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Q document

The Q document (also called the Q Gospel, the Sayings Gospel Q, the Synoptic Sayings Source, and in the 19th century the Logia) comprises a hypothetical collection of Jesus's sayings, hypothesized in accordance with the two-source hypothesis to be a source of the Gospels of Matthew and Luke. The symbol Q comes the first letter of the German word for source, Quelle.

The two-source hypothesis forms the most widely accepted solution to the synoptic problem, which posits that Matthew and Luke drew on two written sources, as shown by textual correspondences between their works. The Gospel of Mark forms one source, and Q the other.

Table of contents
1 The Case for Q
2 History
3 External link

The Case for Q

The existence of Q follows from the argument that Matthew and Luke show independence in the double tradition (the material that Matthew and Luke shared that does not appear in Mark). Accordingly, the literary connection in the double tradition is explained by an indirect relationship, namely, through use of a common source or sources.

Arguments for Luke's and Matthew's independence include:

Even if Matthew and Luke are independent, the Q hypothesis states that they used a common document. Arguments for Q being a written document include:


If Q ever existed, it must have disappeared very early, since no copies of it have been recovered and no definitive notices of it have been recorded in antiquity (but see the discussion of the Papias testimonium below).

In modern times, the first person to hypothesize a Q-like source was an Englishman, Herbert Marsh, in 1801 in a complicated solution to the synoptic problem that his contemporaries ignored. Marsh labeled this source with the Hebrew letter beth.

The next person to advance the Q hypothesis was the German Schleiermacher in 1832, who interpreted an enigmatic statement by the early Christian writer Papias of Hierapolis, circa 125: "Matthew compiled the oracles (Greek: logia) of the Lord in a Hebrew manner of speech." Rather than the traditional interpretation that Papias was referring to the writing of Matthew in Hebrew, Schleiermacher believed that Papias was actually giving witness to a sayings collection that was available to the Evangelists.

In 1838, another German, Christian Hermann Weisse, took Schleiermacher's suggestion of a sayings source and combined it with the idea of Markan priority to formulate what is now called the Two-Source Hypothesis, in which both Matthew and Luke used Mark and the sayings source. Heinrich Julius Holtzmann endorsed this approach in an influential treatment of the synoptic problem in 1863, and the Two-Source Hypothesis has maintained its dominance ever since.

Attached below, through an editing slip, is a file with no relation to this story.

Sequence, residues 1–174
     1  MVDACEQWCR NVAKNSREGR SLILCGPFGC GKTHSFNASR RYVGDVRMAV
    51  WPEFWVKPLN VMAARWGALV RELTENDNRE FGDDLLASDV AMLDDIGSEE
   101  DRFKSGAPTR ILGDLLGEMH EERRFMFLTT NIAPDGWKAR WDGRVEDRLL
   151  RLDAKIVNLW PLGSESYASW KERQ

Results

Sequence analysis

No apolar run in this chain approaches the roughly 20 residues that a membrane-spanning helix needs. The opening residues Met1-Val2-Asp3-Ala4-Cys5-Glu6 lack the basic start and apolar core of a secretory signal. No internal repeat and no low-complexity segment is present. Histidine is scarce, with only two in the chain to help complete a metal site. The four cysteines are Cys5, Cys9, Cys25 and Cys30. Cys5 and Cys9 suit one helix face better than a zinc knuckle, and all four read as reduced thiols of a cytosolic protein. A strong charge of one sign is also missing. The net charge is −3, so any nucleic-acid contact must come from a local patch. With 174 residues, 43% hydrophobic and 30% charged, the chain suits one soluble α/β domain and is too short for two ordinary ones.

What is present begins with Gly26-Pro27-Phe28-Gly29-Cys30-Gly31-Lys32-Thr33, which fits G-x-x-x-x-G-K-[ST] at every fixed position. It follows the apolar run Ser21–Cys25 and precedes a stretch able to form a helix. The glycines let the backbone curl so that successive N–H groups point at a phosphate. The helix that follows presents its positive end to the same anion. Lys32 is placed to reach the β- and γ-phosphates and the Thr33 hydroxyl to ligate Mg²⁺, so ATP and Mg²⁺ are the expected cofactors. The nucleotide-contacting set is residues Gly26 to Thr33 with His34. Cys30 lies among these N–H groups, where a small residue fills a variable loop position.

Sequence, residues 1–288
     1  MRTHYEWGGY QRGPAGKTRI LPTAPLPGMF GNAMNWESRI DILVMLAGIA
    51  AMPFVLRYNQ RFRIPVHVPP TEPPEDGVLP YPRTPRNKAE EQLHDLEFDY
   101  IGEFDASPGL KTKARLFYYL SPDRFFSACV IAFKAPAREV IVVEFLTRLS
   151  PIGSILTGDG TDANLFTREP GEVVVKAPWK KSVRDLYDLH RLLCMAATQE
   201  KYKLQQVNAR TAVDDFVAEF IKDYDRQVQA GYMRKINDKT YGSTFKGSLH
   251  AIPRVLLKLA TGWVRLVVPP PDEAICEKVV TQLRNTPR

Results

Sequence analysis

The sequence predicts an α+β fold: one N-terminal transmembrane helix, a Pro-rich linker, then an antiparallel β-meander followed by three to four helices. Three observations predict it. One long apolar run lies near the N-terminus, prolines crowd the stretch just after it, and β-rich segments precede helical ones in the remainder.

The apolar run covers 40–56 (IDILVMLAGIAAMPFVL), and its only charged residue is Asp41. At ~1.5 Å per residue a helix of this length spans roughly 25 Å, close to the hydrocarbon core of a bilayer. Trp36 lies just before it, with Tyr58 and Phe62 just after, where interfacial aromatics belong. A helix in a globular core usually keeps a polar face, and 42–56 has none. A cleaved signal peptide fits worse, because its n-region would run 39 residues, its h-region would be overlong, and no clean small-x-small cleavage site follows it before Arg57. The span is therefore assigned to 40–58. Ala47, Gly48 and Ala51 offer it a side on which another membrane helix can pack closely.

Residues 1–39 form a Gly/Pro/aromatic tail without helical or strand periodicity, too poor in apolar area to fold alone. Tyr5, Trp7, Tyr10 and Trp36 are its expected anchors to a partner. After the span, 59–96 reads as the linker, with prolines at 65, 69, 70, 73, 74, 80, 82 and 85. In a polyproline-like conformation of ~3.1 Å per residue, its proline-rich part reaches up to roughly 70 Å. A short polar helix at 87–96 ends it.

At this time, Q was usually called the Logia on account of the Papias statement, and Holtzmann gave it the symbol Lambda (Λ). Toward the end of the 19th century, however, doubts began to grow on the propriety of anchoring the existence of the collection of sayings in the testimony of Papias, so a neutral symbol Q (which was devised by Johannes Weiss based on the German Quelle, meaning source) was adopted to remain agnostic on the collection of sayings and its connection to Papias.

In the first two decades of the 20th century, more than a dozen reconstructions of Q were made. However, these reconstructions differed so much from each other that not a single verse of Matthew was present in all of them. As a result, interest in Q subsided and it was neglected for many decades.

This state of affairs changed in the 1960s after translations of a newly discovered and analogous saying collection, the Gospel of Thomas, became available. James M. Robinson and Helmut Koester proposed that collections of sayings such as Q and Thomas represented the earliest Christian materials at an early point in a trajectory that eventually resulted in the canonical gospels.

This burst of interest led to increasingly more sophisticated literary and redactional analyses of Q, notably the work of John S. Kloppenborg. Kloppenborg, by analyzing certain literary phenomena, argued that Q was composed in three stages. The earliest stage was a collection of wisdom sayings involving such issues as poverty and discipleship. Then this collection was expanded by including a layer of judgmental sayings directed against "this generation". The final stage included the Temptation of Jesus.

Although Kloppenborg cautioned against assuming that the composition history of Q is the same as the history of the Jesus tradition (i.e. that the oldest layer of Q is necessarily the oldest and pure-layer Jesus tradition), some recent questers after the Historical Jesus, including the Jesus Seminar, have done just that. Basing their reconstructions primarily on the Gospel of Thomas and the oldest layer of Q, they propose that Jesus functioned as a wisdom sage more analogous to a Greek Cynic philosopher than to a Jewish rabbi.

These recent developments in Q studies have caused something of a backlash, leading some scholars to question the propriety of basing so much (layers of Q, the theology of the Q community, etc.) on a hypothetical document and other scholars to question the need for Q in the first place.

External link